Dornoch Castle was built around 1500 as the home of the bishops of Caithness. Bishop Robert Stewart gifted the castle to John Gordon, 11th Earl of Sutherland in 1557. In 1570 the castle was set alight in a feud between the McKays and Murrays. The rebuilding which followed included the addition of the upper part of the tower. The castle decayed during the 18th century, but was restored in 1813–1814 to serve as a school and jail. In 1859-60 it became a court house, and was made the headquarters of the Sheriff of Sutherland with extensive remodelling by William Fowler.
Further alterations were made around 1880, including the heightening of the south-west block, and the addition of a three-storey east tower. Following the restoration the castle became a hunting lodge for visiting sportsmen. In 1947 it became a hotel. The Dornoch Castle Hotel has 24 rooms, including suites, and garden rooms, which were built in the 1970s. In addition, there are several personalized rooms and a restaurant. The castle is a category B listed building. The Castle is believed to have been haunted by the ghost of Andrew McCornish who was hanged for sheep stealing.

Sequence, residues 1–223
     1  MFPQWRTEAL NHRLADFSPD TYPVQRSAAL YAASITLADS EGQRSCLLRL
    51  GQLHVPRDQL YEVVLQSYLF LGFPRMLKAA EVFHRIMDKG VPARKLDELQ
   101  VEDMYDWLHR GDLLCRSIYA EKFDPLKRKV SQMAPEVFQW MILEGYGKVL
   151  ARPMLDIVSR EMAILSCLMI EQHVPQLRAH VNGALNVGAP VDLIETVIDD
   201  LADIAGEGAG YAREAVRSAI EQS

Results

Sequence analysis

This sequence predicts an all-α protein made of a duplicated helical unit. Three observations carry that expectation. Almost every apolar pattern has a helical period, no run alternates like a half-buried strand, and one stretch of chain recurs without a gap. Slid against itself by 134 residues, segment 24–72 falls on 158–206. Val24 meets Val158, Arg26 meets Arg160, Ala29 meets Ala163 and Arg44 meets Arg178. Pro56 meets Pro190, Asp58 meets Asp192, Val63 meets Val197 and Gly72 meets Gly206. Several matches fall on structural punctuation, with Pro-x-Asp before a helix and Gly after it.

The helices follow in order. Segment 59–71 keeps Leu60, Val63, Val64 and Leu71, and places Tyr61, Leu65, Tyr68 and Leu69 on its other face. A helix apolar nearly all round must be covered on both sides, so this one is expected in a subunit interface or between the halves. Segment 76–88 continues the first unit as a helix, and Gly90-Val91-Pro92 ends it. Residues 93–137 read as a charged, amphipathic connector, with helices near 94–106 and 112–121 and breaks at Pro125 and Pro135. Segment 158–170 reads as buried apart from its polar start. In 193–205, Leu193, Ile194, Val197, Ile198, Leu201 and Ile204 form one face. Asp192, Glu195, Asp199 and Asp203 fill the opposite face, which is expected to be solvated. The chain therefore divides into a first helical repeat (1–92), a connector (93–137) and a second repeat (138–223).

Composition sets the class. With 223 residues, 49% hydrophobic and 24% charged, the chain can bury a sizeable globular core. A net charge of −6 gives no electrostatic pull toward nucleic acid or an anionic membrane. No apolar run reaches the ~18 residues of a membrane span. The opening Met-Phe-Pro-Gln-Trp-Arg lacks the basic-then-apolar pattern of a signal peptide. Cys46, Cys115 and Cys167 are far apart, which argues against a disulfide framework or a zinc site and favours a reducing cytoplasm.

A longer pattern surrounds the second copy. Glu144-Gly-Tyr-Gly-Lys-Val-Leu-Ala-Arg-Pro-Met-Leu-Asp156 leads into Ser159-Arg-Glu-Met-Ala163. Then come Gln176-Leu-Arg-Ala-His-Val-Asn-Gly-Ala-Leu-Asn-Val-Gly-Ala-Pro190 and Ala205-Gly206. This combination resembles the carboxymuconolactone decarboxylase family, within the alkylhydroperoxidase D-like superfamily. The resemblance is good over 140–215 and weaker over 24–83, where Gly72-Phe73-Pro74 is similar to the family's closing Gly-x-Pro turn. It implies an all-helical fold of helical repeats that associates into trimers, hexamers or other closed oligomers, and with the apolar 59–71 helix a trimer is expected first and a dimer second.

The building passed into private hands in 1922, and became a hotel in 1947. It is now the Dornoch Castle Hotel.
- "Dornoch Castle, Listed Building Report". Historic Scotland. Retrieved 2009-10-02.
- Dornoch Castle A Brief History
- "History". Dornoch Castle Hotel. 12 March 2018.
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